How to Create a Basic MySQL Table

Posted February 18, 2012 by Quinn McHenry in MySQL

Creating tables in databases is an important first step for storing data. The CREATE TABLE statement is rich and sometimes confusing. This tech-recipe with an example describes the basics of creating a table in MySQL.


Creating a table involves describing the columns and their attributes, whether they contain text, numbers, dates, and so on. In this tech-recipe, we will create a table to hold contact information with four columns: contact_id, name, email, and birthdate.

The contact_id column is an integer number that is 10 decimal places long; therefore, it is created with an INT(10) datatype. This column will act as the primary key for this table.

The name column holds the full name of a contact. We suppose this will be no longer than 40 characters long, so the datatype is VARCHAR(40).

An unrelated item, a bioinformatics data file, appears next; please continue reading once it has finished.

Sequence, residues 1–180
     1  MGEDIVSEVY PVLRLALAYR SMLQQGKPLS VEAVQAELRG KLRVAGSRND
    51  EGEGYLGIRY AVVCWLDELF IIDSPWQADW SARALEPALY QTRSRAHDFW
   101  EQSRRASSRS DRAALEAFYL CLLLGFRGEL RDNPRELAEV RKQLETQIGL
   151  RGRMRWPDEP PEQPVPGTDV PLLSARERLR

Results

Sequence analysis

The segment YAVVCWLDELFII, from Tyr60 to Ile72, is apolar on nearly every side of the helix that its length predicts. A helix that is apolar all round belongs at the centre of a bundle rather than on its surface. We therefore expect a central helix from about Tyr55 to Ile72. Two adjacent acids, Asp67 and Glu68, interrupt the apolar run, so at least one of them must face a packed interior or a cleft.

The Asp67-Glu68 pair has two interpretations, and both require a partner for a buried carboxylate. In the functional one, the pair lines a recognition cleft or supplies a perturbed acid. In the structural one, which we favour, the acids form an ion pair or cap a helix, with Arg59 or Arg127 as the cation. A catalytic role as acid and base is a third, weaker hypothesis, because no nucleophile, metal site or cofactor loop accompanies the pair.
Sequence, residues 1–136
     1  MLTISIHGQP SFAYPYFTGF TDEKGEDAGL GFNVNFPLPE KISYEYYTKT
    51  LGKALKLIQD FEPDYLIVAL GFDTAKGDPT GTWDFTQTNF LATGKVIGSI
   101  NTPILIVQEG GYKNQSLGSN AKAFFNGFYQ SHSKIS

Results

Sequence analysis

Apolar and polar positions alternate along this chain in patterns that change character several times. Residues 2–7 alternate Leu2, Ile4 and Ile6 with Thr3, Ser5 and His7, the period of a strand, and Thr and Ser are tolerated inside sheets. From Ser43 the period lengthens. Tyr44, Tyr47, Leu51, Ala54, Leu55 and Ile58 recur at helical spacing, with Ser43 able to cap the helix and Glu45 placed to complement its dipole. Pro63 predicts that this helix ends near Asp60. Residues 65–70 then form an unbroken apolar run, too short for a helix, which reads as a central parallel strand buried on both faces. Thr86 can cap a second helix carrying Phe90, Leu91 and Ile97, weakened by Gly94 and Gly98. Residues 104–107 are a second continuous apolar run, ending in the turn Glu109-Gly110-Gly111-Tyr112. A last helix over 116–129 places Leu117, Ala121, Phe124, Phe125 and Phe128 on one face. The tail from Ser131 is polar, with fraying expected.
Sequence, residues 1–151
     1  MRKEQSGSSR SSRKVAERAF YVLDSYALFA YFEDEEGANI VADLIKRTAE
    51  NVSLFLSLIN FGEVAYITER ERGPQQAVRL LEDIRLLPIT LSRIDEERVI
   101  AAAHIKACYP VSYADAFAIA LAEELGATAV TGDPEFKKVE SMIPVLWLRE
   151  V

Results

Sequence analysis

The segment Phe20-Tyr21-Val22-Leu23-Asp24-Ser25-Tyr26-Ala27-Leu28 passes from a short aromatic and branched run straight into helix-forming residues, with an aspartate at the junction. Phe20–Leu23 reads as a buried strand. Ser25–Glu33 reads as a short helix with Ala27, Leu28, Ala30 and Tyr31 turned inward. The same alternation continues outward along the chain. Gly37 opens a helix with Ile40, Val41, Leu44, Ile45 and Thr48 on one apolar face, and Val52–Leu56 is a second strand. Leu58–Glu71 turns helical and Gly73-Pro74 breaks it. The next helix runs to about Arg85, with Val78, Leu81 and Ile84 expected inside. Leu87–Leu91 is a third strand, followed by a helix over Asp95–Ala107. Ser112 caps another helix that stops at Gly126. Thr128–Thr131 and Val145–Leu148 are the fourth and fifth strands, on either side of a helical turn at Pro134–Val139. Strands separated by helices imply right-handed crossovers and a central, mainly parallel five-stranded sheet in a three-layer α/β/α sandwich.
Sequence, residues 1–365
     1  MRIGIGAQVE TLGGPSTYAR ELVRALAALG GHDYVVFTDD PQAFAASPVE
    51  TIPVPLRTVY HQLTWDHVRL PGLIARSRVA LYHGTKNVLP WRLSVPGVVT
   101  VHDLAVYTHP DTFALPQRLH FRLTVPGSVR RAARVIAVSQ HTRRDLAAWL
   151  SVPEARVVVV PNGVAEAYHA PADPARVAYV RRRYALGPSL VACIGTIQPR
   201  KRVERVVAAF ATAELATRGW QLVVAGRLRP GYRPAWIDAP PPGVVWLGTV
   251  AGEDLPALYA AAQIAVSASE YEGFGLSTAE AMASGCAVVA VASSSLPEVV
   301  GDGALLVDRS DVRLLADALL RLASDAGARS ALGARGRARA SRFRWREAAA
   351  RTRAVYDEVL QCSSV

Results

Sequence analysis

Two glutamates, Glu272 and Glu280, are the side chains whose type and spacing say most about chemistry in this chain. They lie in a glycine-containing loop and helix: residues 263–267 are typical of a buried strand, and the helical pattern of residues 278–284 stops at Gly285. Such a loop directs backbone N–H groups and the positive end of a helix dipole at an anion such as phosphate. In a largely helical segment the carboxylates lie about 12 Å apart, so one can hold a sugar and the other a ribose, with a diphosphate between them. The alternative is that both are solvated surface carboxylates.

The contact’s birthdate will be stored as a DATE datatype.

The following SQL command will create a table called contacts as described above:

CREATE TABLE contacts (
contact_id INT(10),
name VARCHAR(40),
birthdate DATE
);

MySQL does not care if the command includes carriage returns (thoughtfully placed, of course, like not in the middle of a keyword). If you are entering this command from the MySQL command-line interface, it will need to be terminated with a semicolon. If it is being submitted through a programming interface, as from a PHP script, the semicolon is optional. Additional details about the syntax can referenced in the official MySQL documentation.

 

About Quinn McHenry

Quinn was one of the original co-founders of Tech-Recipes. He is currently crafting iOS applications as a senior developer at Small Planet Digital in Brooklyn, New York.
View more articles by Quinn McHenry

The Conversation

Follow the reactions below and share your own thoughts.